"Only eight, I see?" I chuckled. "Well, I'm afraid that just won't do. You've still got a tax of twenty-two on your record." I pocketed the coins and scribbled a note in the record book, indicating the partial payment. "You have a week to come up with the remaining funds, and of course, there will be a fine involved for failing to pay on time."

      "Yes, I'm aware," Sunil muttered, folding his arms.

      "Well, I'm glad that we're on the same page," I said, standing up from the table, the clink of the coins sounding so satisfyingly from my pocket. "One week, Sunil. And in a week's time, I hope that you're better off when it comes to your finances."

      Of course, he wasn't better off, and when I had returned a week later, collecting the measly amount that he had been able to amass, it almost destroyed him to do so. That's how it typically went, and the sense of satisfaction that I got with each and every collection made me feel more and more powerful. There was nothing that could stop me from doing my job, a job which instilled so much fear in the citizens of Neovia. As even the mere sight of me could mean the loss of all your finances, they've learned to be afraid of my form, and honestly, I enjoyed that. Nothing was going to bring me down from the pedestal that I was positioned on above everyone else.

      That is, until I saw him, dirty and sickly-looking, huddled in the shadows of the alley between shops. It was the end of my day of work, the pockets of my coat lined with the harmonious sound of gold coins clinking together with each step that I took, and like the end of every work day, I had decided to stroll through the main square on my way home; as many people occupied the square, there were many people to recoil at the sight of my presence. As expected, when I appeared, people began to pick up their pace and hurried away from me. Others did the standard of retreating into shops or slamming windows shut. With my presence came the silent tension, as cheery conversations became hushed and idle chit-chat came to a stop. It was silent in that square, except for the quiet sound of little sobs.

      I'm used to the sound of crying; after seeing so many families over the years turn on the waterworks to try and sway me, I had become immune to the noise. And yet for some reason this drew me in. I had to find the source of it. So I followed the sound of the quiet sniveling, and when I saw him, sitting in the shadows of the alley, I think I felt my heart sink.

      It was Sunil's son, the small, blue Shoyru child who had interrupted our conversation weeks prior. He looked poor, really poor, much worse than he did back when I had seen him last. Granted, he didn't look too healthy to begin with, but against all odds, his appearance had deteriorated, and I'd assumed that his health had as well.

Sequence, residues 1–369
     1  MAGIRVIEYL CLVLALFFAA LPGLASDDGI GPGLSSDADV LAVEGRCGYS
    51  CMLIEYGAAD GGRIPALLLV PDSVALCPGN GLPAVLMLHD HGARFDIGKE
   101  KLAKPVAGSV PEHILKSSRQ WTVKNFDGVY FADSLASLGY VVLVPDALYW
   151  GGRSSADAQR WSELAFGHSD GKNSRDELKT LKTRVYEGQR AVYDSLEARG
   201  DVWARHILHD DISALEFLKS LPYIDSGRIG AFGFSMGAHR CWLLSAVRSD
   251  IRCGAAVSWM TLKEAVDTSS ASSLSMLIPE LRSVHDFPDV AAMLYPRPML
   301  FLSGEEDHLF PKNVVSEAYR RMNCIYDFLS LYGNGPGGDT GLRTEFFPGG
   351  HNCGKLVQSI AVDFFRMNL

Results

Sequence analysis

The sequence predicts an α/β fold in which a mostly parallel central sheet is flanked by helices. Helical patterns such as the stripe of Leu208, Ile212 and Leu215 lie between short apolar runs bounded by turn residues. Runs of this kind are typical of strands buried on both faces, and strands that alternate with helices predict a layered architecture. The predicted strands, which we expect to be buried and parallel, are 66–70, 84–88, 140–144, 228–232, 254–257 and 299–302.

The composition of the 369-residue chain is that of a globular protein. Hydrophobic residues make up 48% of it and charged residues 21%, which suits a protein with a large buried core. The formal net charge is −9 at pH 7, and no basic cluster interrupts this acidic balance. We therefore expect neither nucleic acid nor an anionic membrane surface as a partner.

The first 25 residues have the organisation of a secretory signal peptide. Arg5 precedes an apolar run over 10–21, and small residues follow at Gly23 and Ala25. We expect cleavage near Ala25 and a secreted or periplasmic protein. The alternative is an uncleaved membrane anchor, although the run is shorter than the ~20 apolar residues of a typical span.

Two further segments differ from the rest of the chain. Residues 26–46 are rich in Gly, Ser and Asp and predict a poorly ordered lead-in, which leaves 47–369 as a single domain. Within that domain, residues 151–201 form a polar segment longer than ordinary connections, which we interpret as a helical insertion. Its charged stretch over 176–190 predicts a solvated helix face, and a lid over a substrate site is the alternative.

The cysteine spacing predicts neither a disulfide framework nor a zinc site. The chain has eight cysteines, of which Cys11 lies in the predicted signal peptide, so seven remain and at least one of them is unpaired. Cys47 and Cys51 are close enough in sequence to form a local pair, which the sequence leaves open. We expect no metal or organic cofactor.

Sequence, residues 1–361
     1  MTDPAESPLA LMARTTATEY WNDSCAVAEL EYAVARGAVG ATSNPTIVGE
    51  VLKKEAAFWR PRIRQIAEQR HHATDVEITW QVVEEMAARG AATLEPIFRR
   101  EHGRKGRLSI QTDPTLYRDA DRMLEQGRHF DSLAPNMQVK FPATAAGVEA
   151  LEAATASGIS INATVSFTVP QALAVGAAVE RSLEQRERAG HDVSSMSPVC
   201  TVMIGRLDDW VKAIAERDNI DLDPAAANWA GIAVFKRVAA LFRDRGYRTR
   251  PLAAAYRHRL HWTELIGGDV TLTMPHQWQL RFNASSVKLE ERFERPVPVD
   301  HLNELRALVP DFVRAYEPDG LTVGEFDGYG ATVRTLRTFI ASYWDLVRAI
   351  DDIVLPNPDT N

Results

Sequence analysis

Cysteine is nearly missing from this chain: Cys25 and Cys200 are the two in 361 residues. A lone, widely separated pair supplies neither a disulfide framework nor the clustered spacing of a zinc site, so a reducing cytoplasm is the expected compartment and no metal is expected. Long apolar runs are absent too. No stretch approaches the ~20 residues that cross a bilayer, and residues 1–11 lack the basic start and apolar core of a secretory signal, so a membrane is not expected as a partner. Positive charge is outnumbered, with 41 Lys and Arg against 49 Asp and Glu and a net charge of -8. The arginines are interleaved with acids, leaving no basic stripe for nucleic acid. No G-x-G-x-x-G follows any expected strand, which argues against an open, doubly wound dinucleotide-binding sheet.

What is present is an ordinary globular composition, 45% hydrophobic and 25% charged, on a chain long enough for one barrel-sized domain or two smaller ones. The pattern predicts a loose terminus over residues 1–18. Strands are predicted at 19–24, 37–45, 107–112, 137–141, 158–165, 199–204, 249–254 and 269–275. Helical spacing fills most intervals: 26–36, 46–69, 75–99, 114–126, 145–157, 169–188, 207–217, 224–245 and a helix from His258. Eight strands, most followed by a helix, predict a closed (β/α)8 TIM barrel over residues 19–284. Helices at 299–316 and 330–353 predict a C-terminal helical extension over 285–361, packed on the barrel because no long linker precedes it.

Then, that's when he looked up and saw me, and the familiar expression of terror had appeared upon his face as he recognized me. Suddenly, he began screaming, sobbing hysterically and huddling up against the wall as if hoping that it would become permeable and absorb him away from me. My expression rigid as stone, I squatted down and brought my face close to his. He tried to avoid me, turning his face in all directions to deflect eye contact, screaming all the while. I stretched out my hand and took a hold of his chin, and forced the child to look at me. Perhaps out of utter and complete fear, he stopped, his cries trapped in his throat, and our eyes met.

      "Aesun, is it?" I asked. He didn't respond.

      "Where's your father?"

      "I... I don't know," Aesun stammered. "He's sick, really sick, and I tried to go and find him some medicine, but I got lost and now I don't know where he is and it's getting dark and I'm... I'm..."

      "Why aren't you at home?"

      "I don't have a home. You took it from us." Our gaze held for a while before he spoke again. "My daddy was forced to sell our home to pay off the taxes."

      "And you're living now on the streets?"

      "We have nowhere else to go," Aesun replied meekly.

      I let go of his face, and he recoiled once more against the wall, not screaming like he was when he first saw me, but softly sobbing into the wall. I was at a loss for words at everything that was happening within me at that moment, all the thoughts and feeling that were swirling in my head. I didn't enjoy his terror; rather than elating me, his fear broke me and shattered the immense joy that I had gotten from scaring those of the town. This was the first time that I had seen firsthand the ultimate finality of my actions, what my duties as the tax collector have done to the citizens of this town. As much as I would have expected to enjoy this, I didn't, and I couldn't explain why.

      The sky, which had been growing steadily more overcast during the moments in the alley, opened up and began to send heavy rain pelting down to the earth. Almost immediately Aesun's worn-out clothes became soaked to the bone, and he began shivering as he continued to sob. It was perhaps the most pathetic thing I've seen in my life, an image that filled me with such an immense feeling of guilt and empathy I couldn't handle it.

      I did this. I ruined his family so badly that he was forced out into the streets, where he was huddled up, miserable and alone, separated from his family for what might be the first time in his life. I couldn't handle it; I had to do something. Anything.

      I extracted from my pocket the coins that I had amassed that day, contained neatly within a velvet moneybag that I normally used to store the funds I collected. I paused, contemplating my action, before automatically extending my arm out and dropping the bag into the small Shoyru's lap. His sobbing ended immediately as he turned his attention to the bag, filled to the brim with shining golden coins.

      "Find your father and bring him that bag," I said numbly. "Use the money to get shelter and medicine, and whatever else he can use it for."

      Aesun looked at me in disbelief, but before he could say any words of gratitude, I had already risen and was walking away. I had no idea what I had done or why I had done it, but it was disturbing me. And I knew that as I walked away from that moment, that even though I had fixed my mistake and possibly saved that family's life, and therefore had no more reason to feel guilty for my actions, I knew that I would continue to feel broken until I had made up for everything else that I had done to these people.

To be continued...